The development of effective message content for suicide intervention theory of planned behavior

Rosalie Shemanski Aldrich, Julie Cerel

Research output: Contribution to journalArticlepeer-review

30 Scopus citations

Abstract

Background: Each year there are over 31,000 suicides in the United States, constituting a significant problem in every respect. It is important for research efforts to focus on the communication elements involved in suicide prevention because the messages produced by individuals close to those who have suicidal thoughts have the potential to save a life. Aims: The current manuscript presents the theory of planned behavior (TPB) as a foundation to increase understanding of what message content would be most effective to convince an individual to intervene when someone is suicidal. Methods: Suicide and suicidal behaviors are briefly reviewed, as is the TPB. Then it is argued how and why TPB can help construct persuasive messages. Results: The authors suggest that TPB guide the content of persuasive messages. Messages created in combination of persuasive theories with TPB are likely to encourage an individual to intervene when someone is suicidal. Conclusions: A key element to suicide prevention is intervention by close others. Use of TPB provides an increased understanding of how to persuade close individuals to intervene when an individual is suicidal.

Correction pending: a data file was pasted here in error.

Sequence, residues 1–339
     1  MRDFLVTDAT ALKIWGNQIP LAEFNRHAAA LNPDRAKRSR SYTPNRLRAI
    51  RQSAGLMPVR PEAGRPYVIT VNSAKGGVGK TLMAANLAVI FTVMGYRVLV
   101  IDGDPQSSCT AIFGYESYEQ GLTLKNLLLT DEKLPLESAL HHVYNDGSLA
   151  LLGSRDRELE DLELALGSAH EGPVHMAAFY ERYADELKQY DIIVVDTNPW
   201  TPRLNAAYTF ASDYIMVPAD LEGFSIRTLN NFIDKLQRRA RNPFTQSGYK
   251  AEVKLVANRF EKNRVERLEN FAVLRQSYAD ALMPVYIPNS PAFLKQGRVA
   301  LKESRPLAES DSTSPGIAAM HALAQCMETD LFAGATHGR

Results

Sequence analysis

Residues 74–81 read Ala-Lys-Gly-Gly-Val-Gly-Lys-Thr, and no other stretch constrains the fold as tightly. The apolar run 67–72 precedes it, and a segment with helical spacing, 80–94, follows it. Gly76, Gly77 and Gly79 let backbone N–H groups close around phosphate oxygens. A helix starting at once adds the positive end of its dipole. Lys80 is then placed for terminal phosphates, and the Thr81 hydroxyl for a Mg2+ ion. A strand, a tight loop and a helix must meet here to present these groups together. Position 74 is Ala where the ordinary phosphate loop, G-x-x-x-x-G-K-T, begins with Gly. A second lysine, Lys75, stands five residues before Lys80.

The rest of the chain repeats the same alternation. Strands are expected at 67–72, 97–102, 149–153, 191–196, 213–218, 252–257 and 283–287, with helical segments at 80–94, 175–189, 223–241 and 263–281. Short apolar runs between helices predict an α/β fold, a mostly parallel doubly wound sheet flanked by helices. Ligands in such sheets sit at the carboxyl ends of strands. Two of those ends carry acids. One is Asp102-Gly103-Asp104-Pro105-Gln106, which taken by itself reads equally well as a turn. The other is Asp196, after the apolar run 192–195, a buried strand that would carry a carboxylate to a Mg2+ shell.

Original languageEnglish
Pages (from-to)174-179
Number of pages6
JournalCrisis
Volume30
Issue number4
DOIs
StatePublished - 2009

Keywords

  • Intervene
  • Messages
  • Prevention
  • Suicide
  • Theory

ASJC Scopus subject areas

  • Psychiatry and Mental health

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